Actor: Viggo Mortensen
The job: In the early 1960s, Tony, a racist, takes a job driving pianist Don Shirley (Mahershala Ali) through the Deep South.
Driving skills: You can say a lot of bad things about Tony (and Green Book), but he’s a pretty good driver and he’ll get you out of jail without asking too many questions.
Customer satisfaction: Though based on a true story, Green Book sometimes plays like an attempt to turn Driving Miss Daisy (see below) on its head: What if it was the driver who had to adjust his racial attitudes? Shirley emerges from the trip in one piece, but if he hoped to get through it without having to educate his employee, he could only have been disappointed by the trip’s end.
Do they improve their passengers’ lives?: Sure? Tony and Don become friends. Tony learns a thing or two about race. Don doesn’t have to spend Christmas Eve alone. Everyone wins?
Oscar nominations: Best Picture (won), Best Actor, Best Supporting Actor (won), Best Original Screenplay (won), Best Editing.

4. Hoke Colburn, Driving Miss Daisy (1989)

Actor: Morgan Freeman
The job: Driving Miss Daisy (Jessica Tandy).
Driving skills: As with all things, Hoke is a skilled, courteous, and thoughtful driver.
Customer satisfaction: Hoke’s performance is all the more remarkable because of his difficult employer, a woman with some, let’s say, outmoded views of race.
Do they improve their passengers’ lives?: Over their many years together, Hoke learns how to read and other skills from Miss Daisy. But Miss Daisy learns from Hoke. In fact, making Miss Daisy a better person seems to be the main reason he exists. That has, understandably, made this film a target of criticism since its release. But hey, that’s not Hoke’s fault. He’s as good as it gets, chauffeur-wise (and otherwise).
Oscar nominations: Best Picture (won), Best Actor, Best Actress (won), Best Supporting Actor, Best Adapted Screenplay (won), Best Art Direction, Best Costume Design, Best Editing, Best Makeup (won).

3. Cliff Booth, Once Upon a Time in … Hollywood (2019)

Actor: Brad Pitt
The job: Driving fading star Rick Dalton (Leonardo DiCaprio). Tending to Rick’s ego. Fixing the roof of Rick’s house. Killing the Manson family.
Driving skills: Rick will whisk you through the streets of late-’60s L.A. accompanied by the sounds of the era’s hottest hits. Nothing to complain about.
Customer satisfaction: The inseparable Rick and Cliff enjoy an extremely close relationship that transcends the traditional driver-passenger bond.
Do they improve their passengers’ lives?: Rick’s kind of a mess, but it’s hard to imagine what he’d be like without Cliff.
Oscar nominations: Best Picture, Best Director, Best Actor, Best Supporting Actor (won), Best Original Screenplay, Best Cinematography, Best Costume Design, Best Production Design (won), Best Sound Editing, Best Sound Mixing.

2. Max Rockatansky, Mad Max: Fury Road (2015)

Actor: Tom Hardy
The job: Conscripted as a kind of living hood ornament, Max is initially more passenger than driver in this fourth Mad Max. But he eventually becomes part of Imperator Furiosa’s (Charlize Theron) desperate escape from the oppressive forces of a dread warlord.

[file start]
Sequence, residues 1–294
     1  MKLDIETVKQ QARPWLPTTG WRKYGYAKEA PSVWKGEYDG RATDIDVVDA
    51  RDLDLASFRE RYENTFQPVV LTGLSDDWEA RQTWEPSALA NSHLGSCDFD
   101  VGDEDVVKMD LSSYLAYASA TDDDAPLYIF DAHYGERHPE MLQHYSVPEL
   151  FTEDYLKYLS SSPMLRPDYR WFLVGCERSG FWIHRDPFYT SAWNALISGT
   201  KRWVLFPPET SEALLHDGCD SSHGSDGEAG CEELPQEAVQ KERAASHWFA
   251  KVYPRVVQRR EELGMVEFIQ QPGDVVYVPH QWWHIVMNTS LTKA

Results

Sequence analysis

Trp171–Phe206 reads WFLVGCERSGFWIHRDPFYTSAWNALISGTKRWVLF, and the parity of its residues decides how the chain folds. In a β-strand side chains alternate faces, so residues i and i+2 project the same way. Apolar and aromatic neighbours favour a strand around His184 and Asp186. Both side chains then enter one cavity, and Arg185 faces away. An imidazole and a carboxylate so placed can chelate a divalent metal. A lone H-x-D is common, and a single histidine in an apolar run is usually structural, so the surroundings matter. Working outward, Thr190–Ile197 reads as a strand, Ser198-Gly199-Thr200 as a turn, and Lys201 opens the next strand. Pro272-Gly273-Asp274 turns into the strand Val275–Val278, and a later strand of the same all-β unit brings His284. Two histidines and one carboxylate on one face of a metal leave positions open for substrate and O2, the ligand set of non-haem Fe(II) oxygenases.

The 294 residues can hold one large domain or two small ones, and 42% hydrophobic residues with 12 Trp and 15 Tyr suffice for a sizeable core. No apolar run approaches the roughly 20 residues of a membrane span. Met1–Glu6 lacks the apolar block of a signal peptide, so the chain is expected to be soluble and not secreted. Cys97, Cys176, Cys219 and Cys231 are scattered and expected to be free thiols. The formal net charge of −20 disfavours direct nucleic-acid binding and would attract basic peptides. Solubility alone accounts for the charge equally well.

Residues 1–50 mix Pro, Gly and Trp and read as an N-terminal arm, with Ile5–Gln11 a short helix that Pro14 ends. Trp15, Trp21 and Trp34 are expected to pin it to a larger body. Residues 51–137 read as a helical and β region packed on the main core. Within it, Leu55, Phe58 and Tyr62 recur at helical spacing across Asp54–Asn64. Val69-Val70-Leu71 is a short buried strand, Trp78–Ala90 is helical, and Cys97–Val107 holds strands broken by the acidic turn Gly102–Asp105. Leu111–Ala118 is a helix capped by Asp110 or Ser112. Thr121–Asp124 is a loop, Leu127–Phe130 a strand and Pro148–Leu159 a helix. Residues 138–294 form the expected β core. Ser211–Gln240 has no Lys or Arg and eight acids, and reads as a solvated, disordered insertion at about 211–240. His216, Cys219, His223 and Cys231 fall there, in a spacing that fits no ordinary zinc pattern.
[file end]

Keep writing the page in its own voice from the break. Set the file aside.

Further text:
Driving skills: Look, you don’t survive in the postapocalyptic wasteland as long as Max without some serious talent behind the wheel. He deserves to be this high on the list, but the level of difficulty (and maybe some residual admiration of his previous adventures) didn’t hurt.
Customer satisfaction: “Customer” isn’t quite the right word for Furiosa, who’s more of a partner to Max for most of the film. But it’s certainly a successful partnership.
Do they improve their passengers’ lives?: “Improve” probably isn’t the right word, either. But it is Max who comes up with the plan used in the final act.
Oscar nominations: Best Picture, Best Director, Best Cinematography, Best Costume Design (won), Best Editing (won), Best Makeup (won), Best Production Design (won), Best Sound Editing (won), Best Sound Mixing (won), Best Visual Effects.

1. Misaki Watari, Drive My Car (2021)

Actor: Tōko Miura
The job: Driving a moody theater director, Yūsuke, to and from his place of work each day.
Driving skills: Remarkable. Yūsuke, who has a great ride and is used to controlling his life, has his reasons for reluctantly agreeing to let someone else drive his car. And, most likely, some unspoken reasons specific to Misaki related to her being a young woman. But he quickly recognizes she knows what she’s doing.
Customer satisfaction: Initially, Yūsuke just wants to listen to a recording of Uncle Vanya and run lines. Misaki does this without complaint. That sounds great to us: If this were a Lyft ride, it would be a five-star, custom-tip situation. Maybe it’s just recency bias, but it’s hard to think of a better chauffeur to top this list.
Do they improve their passengers’ lives?: Eventually their relationship deepens and grows more complex in ways that enrich the lives of both passenger and driver.
Oscar nominations: Best Picture, Best Director, Best Adapted Screenplay, Best International Feature.

Honorable mentions: It would be wrong not to give a tip of the chauffeur’s cap to Happy Hogan (Jon Favreau) in the twice-nominated Iron Man and Argyle (De’voreaux White) in Die Hard (which picked up four nominations). These are VIP drivers. They’re just not really central to the action.

Oscar-Nominated Chauffeurs, Ranked